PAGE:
30 Days out: a look at upcoming concerts

FREEDOM IS STILL FREE: Los Angeles-based Chicano Batman plays an original and heady mix of styles that draws from soul, psychedelia, tropicalia and more. The group returns to Asheville for a May 9 show at Salvage Station. Photo by Josue Rivas

Twice monthly, my 30 Days Out column spotlights upcoming music shows and events of note, shining a light into some less well-lit corners, where some fascinating artists schedule performances. I do my best to give ample advance notice so that you can adjust your budget and calendar in a way that lets you get to the show.

Two celebrated local artists (one who’s bidding farewell to Asheville, the other a globetrotting artist who’s only occasionally home) and two psychedelic bands (one a relic from the ’70s, the other a new and soul-infused exponent of the style) are spotlighted in this roundup.

Artist: Chicano Batman
Venue: Salvage Station
Date: Thursday, May 9, 9 p.m.
Door: $15
What do you get if you mix tropicalia (the style of music that blends Brazilian textures with space-age pop), psychedelic music and funky soul? One answer is Chicano Batman. The Los Angeles foursome formed in 2008 and began releasing albums in 2010. But it was 2017’s Freedom is Free that served as the national breakout release for the Latino band. A festival favorite, the group plays the club circuit as well and last visited Asheville in 2017 (my Mountain Xpress interview with the band is here). Chicano Batman’s lyrics are socially conscious, and the band’s sound is deeply textured, laid-back and thrilling all at once. Don’t miss this show. SadGirl opens.

Artist: Brie Capone
Venue: Isis Music Hall
Date: Saturday, April 20, 9 p.m.
Door: $10
Brie Capone moved to Asheville as a teenager, left to study at the prestigious Berklee College of Music in Boston, settled in New York City to start her career as a musician, and eventually landed back in Asheville. Here she proffered regularly and used the city as a home base for gigs father afield. Last year, the introspective singer-songwriter released a well-regarded EP, If I Let You In. (My 2018 Mountain Xpress feature/interview with Capone is here.) Now she’s playing a farewell show ahead of her relocation to the West Coast where she’ll pursue even bigger goals. See her now so you can say you caught her right before her career really took off. Kismet opens.

Artist: Captain Beyond
Venue: The Grey Eagle
Date: Thursday, May 2, 9 p.m.
Door: $17 advance / $20 day of show
Established jazz musicians have been teaming up in various configurations since the genre’s earliest days. When rock musicians do something similar, the tag “supergroup” is often applied. Cream is generally accepted to have been one of the first; many would follow. One of note was Captain Beyond, formed by musicians who had previously played with Iron Butterfly, Deep Purple and Johnny Winter. The group released a pair of hard-rocking albums on Capricorn, a label better known for Southern rock. Between the outfit’s 1971 start and today, Captain Beyond has disbanded and reformed no less than four times; today only founding member and drummer Bobby Caldwell remains from the original lineup. But the current quintet still tears it up and brings the heaviness. The Asound opens.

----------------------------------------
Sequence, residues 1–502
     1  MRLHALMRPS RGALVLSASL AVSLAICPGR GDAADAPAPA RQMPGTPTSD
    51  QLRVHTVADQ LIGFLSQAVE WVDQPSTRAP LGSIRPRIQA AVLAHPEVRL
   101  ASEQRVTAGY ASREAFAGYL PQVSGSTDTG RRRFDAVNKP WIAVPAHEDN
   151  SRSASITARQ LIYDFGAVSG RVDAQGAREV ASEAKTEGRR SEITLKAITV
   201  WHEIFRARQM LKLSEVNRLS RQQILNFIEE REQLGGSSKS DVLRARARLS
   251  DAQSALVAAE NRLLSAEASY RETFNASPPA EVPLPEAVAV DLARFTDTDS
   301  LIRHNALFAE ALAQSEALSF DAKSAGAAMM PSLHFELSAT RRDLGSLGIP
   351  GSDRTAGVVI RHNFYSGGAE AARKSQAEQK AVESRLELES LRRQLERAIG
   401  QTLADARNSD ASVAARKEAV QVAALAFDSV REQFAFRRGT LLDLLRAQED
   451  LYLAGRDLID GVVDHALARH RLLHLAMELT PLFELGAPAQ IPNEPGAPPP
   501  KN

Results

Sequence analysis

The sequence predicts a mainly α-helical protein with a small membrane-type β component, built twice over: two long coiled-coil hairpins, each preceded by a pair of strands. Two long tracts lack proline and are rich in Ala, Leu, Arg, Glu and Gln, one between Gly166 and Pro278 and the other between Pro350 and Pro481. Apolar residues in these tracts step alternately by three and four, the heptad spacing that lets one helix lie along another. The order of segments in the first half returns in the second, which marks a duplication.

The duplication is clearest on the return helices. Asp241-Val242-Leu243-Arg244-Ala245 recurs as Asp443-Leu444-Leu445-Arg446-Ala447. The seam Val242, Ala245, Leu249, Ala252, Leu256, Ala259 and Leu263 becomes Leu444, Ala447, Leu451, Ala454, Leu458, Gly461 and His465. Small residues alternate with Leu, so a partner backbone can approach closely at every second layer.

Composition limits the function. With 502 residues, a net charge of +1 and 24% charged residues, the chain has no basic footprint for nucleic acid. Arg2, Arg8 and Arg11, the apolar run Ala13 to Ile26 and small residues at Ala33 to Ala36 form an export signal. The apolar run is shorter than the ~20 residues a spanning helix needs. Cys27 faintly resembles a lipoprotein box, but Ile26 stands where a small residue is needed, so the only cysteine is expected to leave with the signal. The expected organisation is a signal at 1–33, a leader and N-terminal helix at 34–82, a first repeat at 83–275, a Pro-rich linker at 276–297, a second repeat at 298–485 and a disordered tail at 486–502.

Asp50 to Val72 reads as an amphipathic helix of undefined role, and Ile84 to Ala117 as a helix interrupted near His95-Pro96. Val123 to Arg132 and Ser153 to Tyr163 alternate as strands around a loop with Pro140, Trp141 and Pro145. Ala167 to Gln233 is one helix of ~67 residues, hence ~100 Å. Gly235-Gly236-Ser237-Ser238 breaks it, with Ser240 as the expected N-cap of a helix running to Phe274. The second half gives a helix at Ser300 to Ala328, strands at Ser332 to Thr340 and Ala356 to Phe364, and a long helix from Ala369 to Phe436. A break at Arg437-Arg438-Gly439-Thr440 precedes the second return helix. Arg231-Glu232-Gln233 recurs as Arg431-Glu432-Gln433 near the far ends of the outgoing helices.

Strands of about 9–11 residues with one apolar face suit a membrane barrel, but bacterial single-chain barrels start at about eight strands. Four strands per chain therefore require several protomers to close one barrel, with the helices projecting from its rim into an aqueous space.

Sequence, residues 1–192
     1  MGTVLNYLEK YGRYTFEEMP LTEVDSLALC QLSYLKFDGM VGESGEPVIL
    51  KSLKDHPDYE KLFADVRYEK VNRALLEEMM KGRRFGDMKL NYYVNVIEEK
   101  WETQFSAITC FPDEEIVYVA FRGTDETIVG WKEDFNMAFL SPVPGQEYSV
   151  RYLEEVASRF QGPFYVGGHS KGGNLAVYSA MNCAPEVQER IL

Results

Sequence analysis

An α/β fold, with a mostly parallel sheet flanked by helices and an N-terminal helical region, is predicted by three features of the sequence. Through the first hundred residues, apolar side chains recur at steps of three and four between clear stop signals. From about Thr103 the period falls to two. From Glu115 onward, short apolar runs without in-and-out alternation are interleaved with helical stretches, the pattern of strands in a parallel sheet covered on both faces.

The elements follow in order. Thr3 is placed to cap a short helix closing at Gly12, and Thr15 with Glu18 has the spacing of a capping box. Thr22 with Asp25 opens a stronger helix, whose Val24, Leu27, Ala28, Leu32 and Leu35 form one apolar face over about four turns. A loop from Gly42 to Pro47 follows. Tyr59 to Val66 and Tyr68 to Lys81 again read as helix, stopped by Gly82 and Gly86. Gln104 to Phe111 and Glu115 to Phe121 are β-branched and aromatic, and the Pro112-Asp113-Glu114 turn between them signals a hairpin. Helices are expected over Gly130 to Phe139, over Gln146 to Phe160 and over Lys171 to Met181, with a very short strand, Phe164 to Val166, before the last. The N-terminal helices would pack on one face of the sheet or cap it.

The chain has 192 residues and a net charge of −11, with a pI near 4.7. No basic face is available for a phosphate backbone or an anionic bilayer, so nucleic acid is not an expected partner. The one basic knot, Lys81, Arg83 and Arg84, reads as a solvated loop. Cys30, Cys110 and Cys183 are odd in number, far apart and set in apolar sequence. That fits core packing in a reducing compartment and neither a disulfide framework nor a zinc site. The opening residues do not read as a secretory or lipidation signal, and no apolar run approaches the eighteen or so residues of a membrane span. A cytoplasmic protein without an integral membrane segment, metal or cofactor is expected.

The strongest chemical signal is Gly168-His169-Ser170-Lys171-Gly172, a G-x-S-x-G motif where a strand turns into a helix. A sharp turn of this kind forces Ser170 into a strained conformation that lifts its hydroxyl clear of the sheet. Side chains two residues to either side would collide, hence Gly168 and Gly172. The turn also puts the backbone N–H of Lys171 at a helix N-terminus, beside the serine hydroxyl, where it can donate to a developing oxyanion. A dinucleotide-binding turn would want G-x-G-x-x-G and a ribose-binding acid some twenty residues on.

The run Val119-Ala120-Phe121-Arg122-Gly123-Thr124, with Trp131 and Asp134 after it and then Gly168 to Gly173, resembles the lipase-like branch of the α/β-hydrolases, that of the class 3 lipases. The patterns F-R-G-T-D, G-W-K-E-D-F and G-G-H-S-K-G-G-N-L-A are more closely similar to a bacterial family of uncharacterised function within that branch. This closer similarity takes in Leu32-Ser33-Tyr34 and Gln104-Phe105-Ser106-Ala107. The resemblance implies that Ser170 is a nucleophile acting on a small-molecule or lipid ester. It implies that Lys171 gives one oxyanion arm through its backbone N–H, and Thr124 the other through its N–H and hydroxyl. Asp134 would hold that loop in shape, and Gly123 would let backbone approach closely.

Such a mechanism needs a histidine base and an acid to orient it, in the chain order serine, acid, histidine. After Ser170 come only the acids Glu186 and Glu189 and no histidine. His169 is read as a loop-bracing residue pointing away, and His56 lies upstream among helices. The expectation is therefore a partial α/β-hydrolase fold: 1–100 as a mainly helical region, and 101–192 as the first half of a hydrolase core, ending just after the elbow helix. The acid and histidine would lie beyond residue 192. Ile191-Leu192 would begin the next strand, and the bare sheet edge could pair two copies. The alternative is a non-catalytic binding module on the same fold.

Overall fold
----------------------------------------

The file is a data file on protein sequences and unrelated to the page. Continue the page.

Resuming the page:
Artist: Jonathan Scales Fourchestra
Venue: Diana Wortham Theatre
Date: Saturday, May 4, 8 p.m.
Door: $20 – $60
Jonathan Scales is something of an outlier in the music world. The Asheville-based musician plays a kind of progressive jazz fusion, but his instrument of choice is the steel pan, an instrument not often associated with that kind of music. The unique artist’s schedule is as ambitious as his music; he plays all over the globe, including places many other musicians wouldn’t even think of going. His approach remains a deft balance of exploration and accessibility. You may have seen him locally in a club; now you have the rare opportunity to see Scales and his band in a concert setting, right here in his hometown. My most recent Mountain Xpress interview with Scales is here.

Postscript: If you’re attending this spring’s LEAF festival — and considering the amazing lineup of artists, you really should — I urge you to check out the Delvon Lamarr Organ Trio. The Seattle-based outfit plays thrilling, high energy soul-jazz in the tradition of Jimmy Smith, Grant Green and (to cite a more contemporary example) the New Mastersounds. With two performances — one Friday, May 10, at 7:15 p.m. on the Eden Hall stage and another Saturday, May 11, at 2:30 p.m. on the Lakeside stage — you have ample opportunity.

You may also enjoy: With 3000 entries and nearly 700 interviews, my Musoscribe blog features new content — features, reviews and more — every single day. A proud tradition, celebrating its 10 year anniversary this June. My first book, Reinventing Pink Floyd: From Syd Barrett to The Dark Side of the Moon, published by Rowman & Littlefield, is available now.


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About Bill Kopp
Author, music journalist, historian, collector, and musician. His first book, "Reinventing Pink Floyd: From Syd Barrett to The Dark Side of the Moon," published by Rowman & Littlefield, is available now. Follow me @the_musoscribe

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